Evidence has come to light over the past few decades that the ancestors of modern man spent, not a few years, but hundreds of millennia fashioning very primitive tools out of stone in the Olduvai Gorge in Kenya. Throughout that time almost no change in style took place. Sons and daughers simply learned the craft from their parents without, it seems, adding or enhancing the technology. Technological development had reached a plateau.
Now let’s move the clock forward to 200,000 years ago, to the beginning of anatomically modern humans. The tools had changed and social organisation had advanced to the point that humans were able to spread around the world, dominating and sometimes defeating those species that stood in our way. But nevertheless, the technologies throughout this time remained relatively primitive. For much of the last 200,000 years, people lived in small hunter-gatherer communities, surviving from day to day. No great works. No monuments. Despite our slow spread around the globe, change was severely limited by the scarcity of important resources such as food.
Then, only 10,000 years ago, at the end of the last Ice Age, we discovered agriculture. Towns, cities, kings and queens came into existence. Professions and trades were born. Laws and religions developed. Writing was discovered and men went to war in large numbers. Great monuments grew out of the deserts and the jungles. But nevertheless, there was a lot we did not understand. We didn’t have the tools or technology to allow us to fly, or understand the universe, or even to cure the simplest of diseases. It was as if again we had reached a limit in terms of our understanding of the world.
Then along came Science. In the last 400 years, human beings have begun to systematically understand ourselves and our surroundings, to put aside our magical fantasies and to discover what really works. We learned how to put things together to make better things; how to take the properties of the physical realm to beam pictures and ideas around the world; how to put people into outer space; how to cure and prevent the worst afflictions such as Typhoid and Smallpox and how to lay waste an entire nation at the press of a button.
Even during this decade this progress has continued unabated. We have put probes on Mars, unravelled the human genome and spotted planets revolving around distant stars. You can store the entire contents of the Library of Congress in a few small boxes beside your desk. You can search for and find the information you need, from anywhere in the world, in mere seconds. Faster and faster and faster and faster. As if this progress were approaching an asymptote, a singularity.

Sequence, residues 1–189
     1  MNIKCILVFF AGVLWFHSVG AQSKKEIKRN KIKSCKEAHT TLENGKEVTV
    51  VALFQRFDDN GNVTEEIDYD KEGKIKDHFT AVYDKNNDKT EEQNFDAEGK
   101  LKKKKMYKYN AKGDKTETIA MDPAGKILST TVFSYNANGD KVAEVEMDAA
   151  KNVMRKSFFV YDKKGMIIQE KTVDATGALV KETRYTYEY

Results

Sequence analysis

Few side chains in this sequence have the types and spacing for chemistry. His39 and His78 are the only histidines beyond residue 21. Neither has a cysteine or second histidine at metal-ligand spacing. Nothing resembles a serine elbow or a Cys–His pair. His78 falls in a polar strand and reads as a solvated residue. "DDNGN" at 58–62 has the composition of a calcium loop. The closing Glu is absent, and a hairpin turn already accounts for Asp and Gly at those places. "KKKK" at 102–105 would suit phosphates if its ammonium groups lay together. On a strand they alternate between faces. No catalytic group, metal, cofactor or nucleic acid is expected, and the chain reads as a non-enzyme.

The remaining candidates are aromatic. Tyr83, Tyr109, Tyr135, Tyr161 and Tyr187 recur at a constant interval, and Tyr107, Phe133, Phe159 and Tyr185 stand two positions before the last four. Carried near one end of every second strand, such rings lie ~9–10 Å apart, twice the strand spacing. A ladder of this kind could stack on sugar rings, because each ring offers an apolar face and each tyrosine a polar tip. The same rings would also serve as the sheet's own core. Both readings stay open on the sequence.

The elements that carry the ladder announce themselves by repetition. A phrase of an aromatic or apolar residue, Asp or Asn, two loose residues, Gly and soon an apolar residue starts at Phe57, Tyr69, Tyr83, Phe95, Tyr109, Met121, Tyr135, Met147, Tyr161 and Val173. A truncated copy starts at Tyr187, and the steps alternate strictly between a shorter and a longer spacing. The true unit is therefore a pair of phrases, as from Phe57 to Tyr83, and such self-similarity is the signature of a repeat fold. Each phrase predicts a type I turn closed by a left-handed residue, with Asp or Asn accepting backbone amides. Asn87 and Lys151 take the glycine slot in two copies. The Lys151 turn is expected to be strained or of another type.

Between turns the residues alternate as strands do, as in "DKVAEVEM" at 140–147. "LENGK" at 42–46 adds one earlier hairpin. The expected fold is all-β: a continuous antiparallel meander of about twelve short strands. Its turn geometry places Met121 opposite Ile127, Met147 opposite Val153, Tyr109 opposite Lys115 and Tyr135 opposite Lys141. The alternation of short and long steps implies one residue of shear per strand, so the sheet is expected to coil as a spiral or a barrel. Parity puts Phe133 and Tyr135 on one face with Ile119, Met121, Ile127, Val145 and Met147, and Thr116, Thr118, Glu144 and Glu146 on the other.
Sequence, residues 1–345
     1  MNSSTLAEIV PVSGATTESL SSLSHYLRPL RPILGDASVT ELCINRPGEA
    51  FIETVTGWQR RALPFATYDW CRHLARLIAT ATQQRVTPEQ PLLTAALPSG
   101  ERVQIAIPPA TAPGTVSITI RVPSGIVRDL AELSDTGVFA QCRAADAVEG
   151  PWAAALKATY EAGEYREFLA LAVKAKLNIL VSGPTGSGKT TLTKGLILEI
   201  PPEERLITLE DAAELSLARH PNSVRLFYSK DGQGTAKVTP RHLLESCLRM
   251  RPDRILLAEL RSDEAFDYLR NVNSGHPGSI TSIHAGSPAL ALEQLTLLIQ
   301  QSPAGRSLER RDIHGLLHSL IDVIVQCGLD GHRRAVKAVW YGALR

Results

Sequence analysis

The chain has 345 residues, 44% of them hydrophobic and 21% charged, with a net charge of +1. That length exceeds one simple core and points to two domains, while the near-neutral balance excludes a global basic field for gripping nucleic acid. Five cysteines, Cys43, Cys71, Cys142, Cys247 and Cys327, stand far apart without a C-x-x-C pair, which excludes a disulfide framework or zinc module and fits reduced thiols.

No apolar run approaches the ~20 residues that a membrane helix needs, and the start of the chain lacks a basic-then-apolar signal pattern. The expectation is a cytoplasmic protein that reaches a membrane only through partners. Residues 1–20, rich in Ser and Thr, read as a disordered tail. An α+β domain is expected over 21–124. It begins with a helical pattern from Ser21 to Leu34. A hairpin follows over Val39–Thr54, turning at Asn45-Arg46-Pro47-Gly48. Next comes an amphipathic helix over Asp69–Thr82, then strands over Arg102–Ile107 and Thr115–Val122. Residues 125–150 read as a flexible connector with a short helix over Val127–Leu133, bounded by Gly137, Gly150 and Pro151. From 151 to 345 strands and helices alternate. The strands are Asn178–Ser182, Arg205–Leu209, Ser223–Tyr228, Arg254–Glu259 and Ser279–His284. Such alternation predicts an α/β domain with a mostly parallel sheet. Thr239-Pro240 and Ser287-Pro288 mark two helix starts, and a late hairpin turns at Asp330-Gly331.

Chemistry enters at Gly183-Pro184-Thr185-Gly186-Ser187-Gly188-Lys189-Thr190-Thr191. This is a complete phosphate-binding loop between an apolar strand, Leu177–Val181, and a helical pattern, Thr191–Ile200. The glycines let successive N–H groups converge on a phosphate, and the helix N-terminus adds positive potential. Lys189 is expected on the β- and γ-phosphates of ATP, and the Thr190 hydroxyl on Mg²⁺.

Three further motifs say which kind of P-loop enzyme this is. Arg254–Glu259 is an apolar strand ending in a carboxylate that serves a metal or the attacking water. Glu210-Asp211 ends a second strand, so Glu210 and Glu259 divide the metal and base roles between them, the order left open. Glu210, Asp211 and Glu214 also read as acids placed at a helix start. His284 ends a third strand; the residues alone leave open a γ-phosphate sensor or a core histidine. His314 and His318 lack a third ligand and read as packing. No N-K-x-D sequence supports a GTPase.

It makes you wonder, where will all this progress lead to?
Will we reach a point where this seemingly exponential rise in technology will continue unabated, or will things level off as we reach the limits of our abilities, as yet undefined? Are we living through a short transition point between an early agricultural and an advanced technological civilisation? Will we reach a new plateau, and what might that plateau look like?
A few scenarios come to light, some bad, some good.
The gloomiest and yet more probable of scenarios suggests that our recent advances will end in tears, with humanity blowing itself apart or enacting such a huge price from the environment that the planet seeks revenge, taking us and a large section of our fellow travelling species into oblivion.
A less gloomy scenario suggests that, while not destroying our species, humanity is reset back to the dark ages, or into hunter gathering mode, perhaps to rise again in a few millennia, only to meet a similar eventual fate in due course. A periodic rise/ collapse cycle fluctuating in tune with future Ice Ages perhaps.
Or perhaps we will find some way to live sustainably, in concert with the planet, while not sacrificing our technological knowledge in the process. Could it be that we will look at technology in the same way as we look at door-knobs, napkins and salt-cellars nowadays: where there is little scope for development apart from the vagaries of modern fashions? In this scenario, generations will pass and fads will change, but the overall technology framework will remain roughly constant, just like those humanoids in the Olduvai Gorge so many years ago.
Maybe indeed all this talk of technological progress is a mirage. Instead, the big events in human society: war, disease, over-population, ideology and catastrophe, drive technology over the longer term as opposed to the prevailing view that technology is in the driving seat. Perhaps we are simply too close to events to note how technology will adapt to the human story over a span of thousands and hundreds of thousands of years. We think we are driven by technology, but perhaps it is only a blip in a much bigger picture in the development of our species.
In an alternative rendition of our future, we are on a course for unending techological advance. Perhaps our curiousity and propensity to keep innovating will know no bounds? Perhaps we will keep on bending, breaking and redefining the limits of the possible? Maybe, as some suggest, we will pass on our propensity for innovation into robots, nano-machines and newly created biological forms, thus maintaining the acceleration indefinitely?
Is it not too wild to suggest that the end game in all this is a journey to the stars? It may be that we are on course to developing the capabilities needed to cross the multi-trillion kilometer gulfs between our Sun and its neighbours? So in this case, as we board the ships to the sky, the acceleration might come to a sudden halt, to be replaced thousands of years hence by a new burst of activity, followed by further intense cycles of innovation as future generations disperse, ever so steadily, across the galaxy.